As Islam is one of the most widely practised religion in the world, the demand for products that are halal, meaning they were made and can be used in accordance with Islamic rules and values, continues to increase. Digital services are no exception.
A Malaysian tech firm claims to have developed the world’s first mobile and desktop browser that is compliant with Islamic values. The browser we are talking about is SalamWeb, available on Android, iOS, Windows and macOS. The multilingual browser with a simple interface was introduced earlier this year. Hajjah Hasni Zarina, the Director General of SalamWeb Technologies said:
Salam Web was founded with a vision to provide a safer, private and ethically-sensitive online experience……This means that harmful content is filtered out and visits to pornographic or inappropriate websites are forewarned with a harmful content ahead alert
Features and how it works
The browser runs on the Chromium open source software so it feels like you are using the normal Google Chrome browser, only that you can’t access some stuff.
Among other features, SalamWeb has a clock showing prayer timings as per your geographical location, a compass indicating the direction that a Muslim must face while praying and signals warnings when you try to open a website that may be forbidden according to Islam’s teachings.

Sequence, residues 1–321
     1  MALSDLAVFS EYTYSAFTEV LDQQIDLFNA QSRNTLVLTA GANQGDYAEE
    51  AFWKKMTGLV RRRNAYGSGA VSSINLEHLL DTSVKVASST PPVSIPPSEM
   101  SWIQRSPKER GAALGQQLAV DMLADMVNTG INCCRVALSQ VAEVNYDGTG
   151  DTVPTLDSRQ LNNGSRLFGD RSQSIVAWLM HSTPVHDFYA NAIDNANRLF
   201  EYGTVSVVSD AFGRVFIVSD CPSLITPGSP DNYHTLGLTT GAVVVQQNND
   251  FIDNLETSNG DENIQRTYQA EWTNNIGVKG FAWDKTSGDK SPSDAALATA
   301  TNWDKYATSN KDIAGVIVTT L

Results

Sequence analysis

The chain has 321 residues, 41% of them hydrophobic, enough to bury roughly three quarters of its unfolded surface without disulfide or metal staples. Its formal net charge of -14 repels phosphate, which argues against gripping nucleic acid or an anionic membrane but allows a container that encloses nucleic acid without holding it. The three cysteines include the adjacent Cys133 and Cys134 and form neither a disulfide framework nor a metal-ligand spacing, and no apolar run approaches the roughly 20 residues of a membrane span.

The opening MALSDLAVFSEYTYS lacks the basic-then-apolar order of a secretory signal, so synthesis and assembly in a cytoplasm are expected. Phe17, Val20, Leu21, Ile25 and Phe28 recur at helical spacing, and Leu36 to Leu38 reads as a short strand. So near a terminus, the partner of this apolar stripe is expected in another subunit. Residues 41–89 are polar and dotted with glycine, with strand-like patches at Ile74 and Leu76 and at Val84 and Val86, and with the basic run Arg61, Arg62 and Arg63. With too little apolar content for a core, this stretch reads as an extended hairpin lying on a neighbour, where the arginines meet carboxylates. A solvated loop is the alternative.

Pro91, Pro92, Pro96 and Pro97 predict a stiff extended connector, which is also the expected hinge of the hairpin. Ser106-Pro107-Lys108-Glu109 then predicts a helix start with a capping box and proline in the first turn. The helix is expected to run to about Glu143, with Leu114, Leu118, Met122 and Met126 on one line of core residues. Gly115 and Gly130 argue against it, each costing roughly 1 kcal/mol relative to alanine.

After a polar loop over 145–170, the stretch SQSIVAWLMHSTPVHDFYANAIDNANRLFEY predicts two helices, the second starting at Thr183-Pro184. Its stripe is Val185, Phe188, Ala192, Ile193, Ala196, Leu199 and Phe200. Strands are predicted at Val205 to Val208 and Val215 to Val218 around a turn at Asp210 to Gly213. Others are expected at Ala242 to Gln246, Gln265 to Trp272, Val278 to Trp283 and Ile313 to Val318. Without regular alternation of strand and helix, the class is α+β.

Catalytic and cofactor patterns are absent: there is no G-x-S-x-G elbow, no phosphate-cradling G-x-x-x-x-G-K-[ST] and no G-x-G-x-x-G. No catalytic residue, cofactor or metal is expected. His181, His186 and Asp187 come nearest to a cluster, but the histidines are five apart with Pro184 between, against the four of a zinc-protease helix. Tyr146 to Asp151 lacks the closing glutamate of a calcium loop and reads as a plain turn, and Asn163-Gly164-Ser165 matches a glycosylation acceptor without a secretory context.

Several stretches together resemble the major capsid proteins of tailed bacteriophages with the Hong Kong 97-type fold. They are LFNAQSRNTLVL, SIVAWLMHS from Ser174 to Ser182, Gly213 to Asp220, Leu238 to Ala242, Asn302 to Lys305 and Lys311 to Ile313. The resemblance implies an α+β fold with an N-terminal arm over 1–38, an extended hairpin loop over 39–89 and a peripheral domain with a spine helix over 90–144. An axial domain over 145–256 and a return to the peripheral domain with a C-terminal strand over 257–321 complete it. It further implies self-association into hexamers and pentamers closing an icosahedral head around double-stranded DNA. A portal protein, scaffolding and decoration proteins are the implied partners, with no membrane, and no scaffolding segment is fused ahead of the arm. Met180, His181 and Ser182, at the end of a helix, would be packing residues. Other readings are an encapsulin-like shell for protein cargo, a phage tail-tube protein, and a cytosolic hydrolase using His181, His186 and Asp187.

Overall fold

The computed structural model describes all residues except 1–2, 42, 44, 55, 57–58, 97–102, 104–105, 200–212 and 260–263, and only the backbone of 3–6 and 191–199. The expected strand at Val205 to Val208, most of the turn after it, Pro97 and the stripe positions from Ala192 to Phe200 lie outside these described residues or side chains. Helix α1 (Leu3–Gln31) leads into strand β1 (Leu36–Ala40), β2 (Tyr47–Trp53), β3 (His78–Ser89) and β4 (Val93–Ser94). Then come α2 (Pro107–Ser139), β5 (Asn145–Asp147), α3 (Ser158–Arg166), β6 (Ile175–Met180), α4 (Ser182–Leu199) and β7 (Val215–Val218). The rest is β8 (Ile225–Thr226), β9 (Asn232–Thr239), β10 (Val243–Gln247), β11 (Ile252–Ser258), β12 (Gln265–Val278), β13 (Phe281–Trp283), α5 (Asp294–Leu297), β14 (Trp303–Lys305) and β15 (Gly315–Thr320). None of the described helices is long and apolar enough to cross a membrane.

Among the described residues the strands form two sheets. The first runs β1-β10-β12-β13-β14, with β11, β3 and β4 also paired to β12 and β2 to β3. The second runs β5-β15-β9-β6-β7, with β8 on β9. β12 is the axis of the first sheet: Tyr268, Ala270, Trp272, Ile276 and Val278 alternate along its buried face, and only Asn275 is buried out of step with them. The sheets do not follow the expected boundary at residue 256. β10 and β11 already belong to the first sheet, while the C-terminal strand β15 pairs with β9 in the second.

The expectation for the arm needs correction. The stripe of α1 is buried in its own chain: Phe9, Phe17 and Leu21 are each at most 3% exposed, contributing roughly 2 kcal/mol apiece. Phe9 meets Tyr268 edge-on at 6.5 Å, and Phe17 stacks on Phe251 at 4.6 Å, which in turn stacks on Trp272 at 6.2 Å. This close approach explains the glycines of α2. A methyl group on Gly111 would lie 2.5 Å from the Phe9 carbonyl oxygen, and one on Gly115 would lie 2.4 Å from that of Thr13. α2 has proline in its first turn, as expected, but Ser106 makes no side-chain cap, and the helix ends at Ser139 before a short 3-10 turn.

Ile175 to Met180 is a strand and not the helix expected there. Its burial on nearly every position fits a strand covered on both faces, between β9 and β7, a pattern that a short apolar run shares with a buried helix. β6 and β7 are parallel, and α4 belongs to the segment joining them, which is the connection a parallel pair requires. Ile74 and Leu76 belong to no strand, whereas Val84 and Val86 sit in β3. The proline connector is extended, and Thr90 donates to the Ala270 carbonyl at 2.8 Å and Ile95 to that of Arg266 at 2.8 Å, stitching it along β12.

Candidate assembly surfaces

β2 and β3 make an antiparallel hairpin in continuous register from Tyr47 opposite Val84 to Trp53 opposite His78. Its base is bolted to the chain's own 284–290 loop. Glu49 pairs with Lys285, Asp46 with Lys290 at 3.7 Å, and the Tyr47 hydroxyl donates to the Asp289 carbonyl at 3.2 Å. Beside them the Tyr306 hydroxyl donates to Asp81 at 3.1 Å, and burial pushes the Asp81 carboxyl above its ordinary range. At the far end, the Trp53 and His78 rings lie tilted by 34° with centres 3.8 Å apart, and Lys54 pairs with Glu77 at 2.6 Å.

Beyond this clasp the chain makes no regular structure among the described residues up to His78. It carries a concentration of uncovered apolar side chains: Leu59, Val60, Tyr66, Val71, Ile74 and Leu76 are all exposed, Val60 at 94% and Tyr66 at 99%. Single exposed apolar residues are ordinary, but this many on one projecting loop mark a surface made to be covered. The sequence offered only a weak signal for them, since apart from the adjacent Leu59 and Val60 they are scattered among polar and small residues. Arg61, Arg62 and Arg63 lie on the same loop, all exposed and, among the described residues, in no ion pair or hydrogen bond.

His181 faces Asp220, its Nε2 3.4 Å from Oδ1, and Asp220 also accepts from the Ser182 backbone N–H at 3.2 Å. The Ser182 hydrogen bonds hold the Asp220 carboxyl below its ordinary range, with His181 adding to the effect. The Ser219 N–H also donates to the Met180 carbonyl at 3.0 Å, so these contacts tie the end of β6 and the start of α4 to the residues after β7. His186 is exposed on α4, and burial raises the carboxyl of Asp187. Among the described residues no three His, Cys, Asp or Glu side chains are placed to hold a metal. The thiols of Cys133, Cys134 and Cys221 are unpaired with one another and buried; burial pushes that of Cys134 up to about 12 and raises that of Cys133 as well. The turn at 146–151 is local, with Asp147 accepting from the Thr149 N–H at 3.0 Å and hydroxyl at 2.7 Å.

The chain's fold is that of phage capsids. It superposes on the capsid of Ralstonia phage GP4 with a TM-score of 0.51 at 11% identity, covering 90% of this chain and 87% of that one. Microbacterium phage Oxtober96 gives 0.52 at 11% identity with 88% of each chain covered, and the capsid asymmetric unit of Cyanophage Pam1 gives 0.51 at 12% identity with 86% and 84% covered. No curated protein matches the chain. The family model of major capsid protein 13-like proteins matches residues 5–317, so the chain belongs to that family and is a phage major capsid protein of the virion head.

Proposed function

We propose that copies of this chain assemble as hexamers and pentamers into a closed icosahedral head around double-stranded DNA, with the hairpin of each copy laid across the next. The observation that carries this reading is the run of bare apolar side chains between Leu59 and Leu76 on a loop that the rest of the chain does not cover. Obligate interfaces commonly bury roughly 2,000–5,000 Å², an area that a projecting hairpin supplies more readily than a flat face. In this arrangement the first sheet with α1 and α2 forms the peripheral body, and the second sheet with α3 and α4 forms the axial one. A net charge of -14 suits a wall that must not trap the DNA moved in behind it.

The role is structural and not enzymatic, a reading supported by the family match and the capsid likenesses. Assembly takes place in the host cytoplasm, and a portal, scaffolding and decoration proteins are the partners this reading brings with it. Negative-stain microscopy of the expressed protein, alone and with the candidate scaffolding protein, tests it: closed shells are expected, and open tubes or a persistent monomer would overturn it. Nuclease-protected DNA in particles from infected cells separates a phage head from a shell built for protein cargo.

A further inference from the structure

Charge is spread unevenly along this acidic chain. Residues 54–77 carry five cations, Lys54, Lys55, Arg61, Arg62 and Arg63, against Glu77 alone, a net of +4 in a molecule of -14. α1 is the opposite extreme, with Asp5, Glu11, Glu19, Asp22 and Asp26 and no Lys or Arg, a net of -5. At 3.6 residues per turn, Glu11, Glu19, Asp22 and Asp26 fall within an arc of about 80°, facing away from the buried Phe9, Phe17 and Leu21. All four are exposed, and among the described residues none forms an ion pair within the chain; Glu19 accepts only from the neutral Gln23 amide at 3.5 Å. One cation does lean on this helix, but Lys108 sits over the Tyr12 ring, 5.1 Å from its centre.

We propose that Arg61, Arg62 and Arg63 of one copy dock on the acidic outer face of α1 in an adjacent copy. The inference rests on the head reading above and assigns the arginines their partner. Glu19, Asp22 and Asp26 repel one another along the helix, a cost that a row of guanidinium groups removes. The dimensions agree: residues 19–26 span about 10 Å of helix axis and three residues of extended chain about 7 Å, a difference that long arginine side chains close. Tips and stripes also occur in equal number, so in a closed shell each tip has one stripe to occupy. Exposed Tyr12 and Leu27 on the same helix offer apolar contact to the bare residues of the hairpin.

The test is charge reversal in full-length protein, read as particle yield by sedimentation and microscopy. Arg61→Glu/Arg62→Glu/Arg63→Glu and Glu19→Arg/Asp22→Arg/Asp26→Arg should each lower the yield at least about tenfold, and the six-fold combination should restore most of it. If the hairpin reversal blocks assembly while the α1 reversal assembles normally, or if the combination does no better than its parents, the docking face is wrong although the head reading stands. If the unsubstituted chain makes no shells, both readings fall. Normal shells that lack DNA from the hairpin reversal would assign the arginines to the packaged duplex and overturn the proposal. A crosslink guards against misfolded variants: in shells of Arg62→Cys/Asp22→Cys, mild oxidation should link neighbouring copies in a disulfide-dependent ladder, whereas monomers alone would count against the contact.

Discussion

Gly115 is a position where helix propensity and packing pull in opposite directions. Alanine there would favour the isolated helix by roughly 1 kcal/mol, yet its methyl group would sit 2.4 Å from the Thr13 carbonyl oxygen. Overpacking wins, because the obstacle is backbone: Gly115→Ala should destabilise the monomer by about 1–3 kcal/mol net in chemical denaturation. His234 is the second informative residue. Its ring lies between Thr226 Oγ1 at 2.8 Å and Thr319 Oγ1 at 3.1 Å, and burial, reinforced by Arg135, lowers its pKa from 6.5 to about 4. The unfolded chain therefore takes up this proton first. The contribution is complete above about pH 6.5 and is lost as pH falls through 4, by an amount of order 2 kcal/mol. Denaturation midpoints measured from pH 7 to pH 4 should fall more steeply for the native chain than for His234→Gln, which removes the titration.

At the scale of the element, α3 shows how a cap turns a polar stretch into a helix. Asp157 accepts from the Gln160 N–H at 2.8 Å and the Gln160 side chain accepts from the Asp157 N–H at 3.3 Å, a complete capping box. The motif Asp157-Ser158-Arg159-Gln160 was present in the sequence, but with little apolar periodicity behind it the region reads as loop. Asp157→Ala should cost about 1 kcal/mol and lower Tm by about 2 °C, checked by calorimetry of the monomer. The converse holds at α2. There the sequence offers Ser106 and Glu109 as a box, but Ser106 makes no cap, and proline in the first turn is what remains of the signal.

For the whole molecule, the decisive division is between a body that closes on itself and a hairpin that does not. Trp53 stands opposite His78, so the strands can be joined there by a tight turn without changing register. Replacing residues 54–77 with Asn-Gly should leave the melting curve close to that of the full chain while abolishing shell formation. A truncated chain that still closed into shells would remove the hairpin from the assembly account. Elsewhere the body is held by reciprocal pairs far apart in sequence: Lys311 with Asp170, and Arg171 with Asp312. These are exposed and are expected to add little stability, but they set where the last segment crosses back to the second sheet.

In order to respect and uphold the fundamentals of Islam, the browser filters search options and allows users to classify websites as appropriate, neutral and inappropriate. Before accessing an “inappropriate” website, a red warning message appears (as shown below) on the screen and leaves the user with an option of continuing to the non-recommended website or return to the start.
The browser also has an application called “SalamSadaqah” for offering zakat, a form of alms-giving to share your wealth with the poor. For every search carried out through SalamWeb, the company claims that it will make a donation to charitable causes.
Is it for Muslims only?
No doubt that with over 1.8 billion Muslims in the world or 24 per cent of the global population, the startup is certainly set to exploit a huge niche market. Inadvertently, the browser could turn out to be much more than a niche product since anybody who wants this kind of browsing experience can just download the brower from Google Play store or Apple app store and use it. So yes it can be used by anybody. To some extent the browser could spur the use of the internet by some Muslims who shun it on the pretext that they are exposed to content that’s contrary to their beliefs.